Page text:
The citizens of South Africa are slowly accepting the idea of investing and trading cryptocurrencies in spite of concerns over the decentralized digital financial assets all over the world.
The MyBroadband 2018 Cryptocurrency Survey which was finished last month, indicates that more South Africans who have never held cryptocurrencies are making plans to invest in cryptocurrencies by either purchasing them directly or by getting exposure to the industry through investments in correlated enterprises like cryptocurrency mining.
“Of the survey respondents who do not own or who have never owned cryptocurrency, almost 50% said they plan to invest in an aspect of cryptocurrency or crypto mining in 2018,” said the MyBroadband tech news and research site late last week.
Several other tech savvy South Africans who answered the survey relayed that they were planning to purchase tokens despite never having been invested in the area.
Global prices for bitcoin and etherium soared in 2017 before hitting rock bottom in early 2018 while prices have been unstable in the past few weeks. Prices of cryptocurrencies are prone to developments and regulatory issues around the digital assets all over the world.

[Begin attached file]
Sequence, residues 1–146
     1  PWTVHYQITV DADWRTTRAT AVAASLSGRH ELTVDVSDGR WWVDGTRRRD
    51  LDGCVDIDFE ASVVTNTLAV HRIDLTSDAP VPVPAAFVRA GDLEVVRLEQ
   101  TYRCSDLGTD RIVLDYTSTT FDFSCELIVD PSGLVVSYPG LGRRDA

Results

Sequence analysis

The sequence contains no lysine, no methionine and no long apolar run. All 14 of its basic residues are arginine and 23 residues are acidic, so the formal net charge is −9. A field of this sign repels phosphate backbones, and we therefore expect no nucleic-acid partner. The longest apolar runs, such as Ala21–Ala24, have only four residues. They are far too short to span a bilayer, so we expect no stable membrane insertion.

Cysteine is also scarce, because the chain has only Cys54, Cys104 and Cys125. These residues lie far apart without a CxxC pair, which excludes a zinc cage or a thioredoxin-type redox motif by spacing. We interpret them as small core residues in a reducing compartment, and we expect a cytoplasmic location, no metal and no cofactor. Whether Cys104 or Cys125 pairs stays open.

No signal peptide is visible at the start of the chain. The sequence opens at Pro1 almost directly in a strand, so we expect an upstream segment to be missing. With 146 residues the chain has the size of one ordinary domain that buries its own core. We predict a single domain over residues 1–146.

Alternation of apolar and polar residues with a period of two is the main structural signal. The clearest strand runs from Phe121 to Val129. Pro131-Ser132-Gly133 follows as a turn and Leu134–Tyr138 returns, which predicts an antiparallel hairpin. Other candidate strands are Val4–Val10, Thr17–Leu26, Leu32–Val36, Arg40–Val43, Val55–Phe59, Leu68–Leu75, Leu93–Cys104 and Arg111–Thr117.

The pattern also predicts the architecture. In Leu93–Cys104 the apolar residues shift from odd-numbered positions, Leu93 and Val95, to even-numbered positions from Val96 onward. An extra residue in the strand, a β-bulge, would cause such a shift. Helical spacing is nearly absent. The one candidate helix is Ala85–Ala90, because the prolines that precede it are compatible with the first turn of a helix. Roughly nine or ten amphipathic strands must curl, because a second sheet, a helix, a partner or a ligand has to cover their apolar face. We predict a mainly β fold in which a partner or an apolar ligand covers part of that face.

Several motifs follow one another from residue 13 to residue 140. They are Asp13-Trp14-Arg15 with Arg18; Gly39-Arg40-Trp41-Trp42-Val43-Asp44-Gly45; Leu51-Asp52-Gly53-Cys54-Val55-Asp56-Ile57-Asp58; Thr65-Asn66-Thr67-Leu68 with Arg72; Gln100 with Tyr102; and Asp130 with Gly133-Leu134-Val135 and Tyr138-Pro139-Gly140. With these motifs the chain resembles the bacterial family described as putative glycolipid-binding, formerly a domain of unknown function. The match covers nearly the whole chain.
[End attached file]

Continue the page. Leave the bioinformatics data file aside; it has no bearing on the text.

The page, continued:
About 25% of respondents to the MyBroadband survey have said that they “will invest in cryptocurrency” while an estimated “15% will invest in cryptocurrency and crypto mining.” A further 7% said they would invest in crypto mining
Cliffe Dekker Hofmeyer stated that the decision taken by the South African Revenue Authority (SARS) to tax cryptocurrencies was “anticipated” due to the “growing popularity of cryptocurrencies in South Africa and following the absence of legislation relating to the taxation and regulation” of virtual currencies.
Reports say cryptocurrency trading is on the upswing in South Africa, with some restaurants and businesses already taking receiving currencies for payments. Other African nations such as Zimbabwe have stayed away from acknowledging trade in bitcoin despite virtual currencies helping plug liquidity and foreign currency shortages for international transactions.
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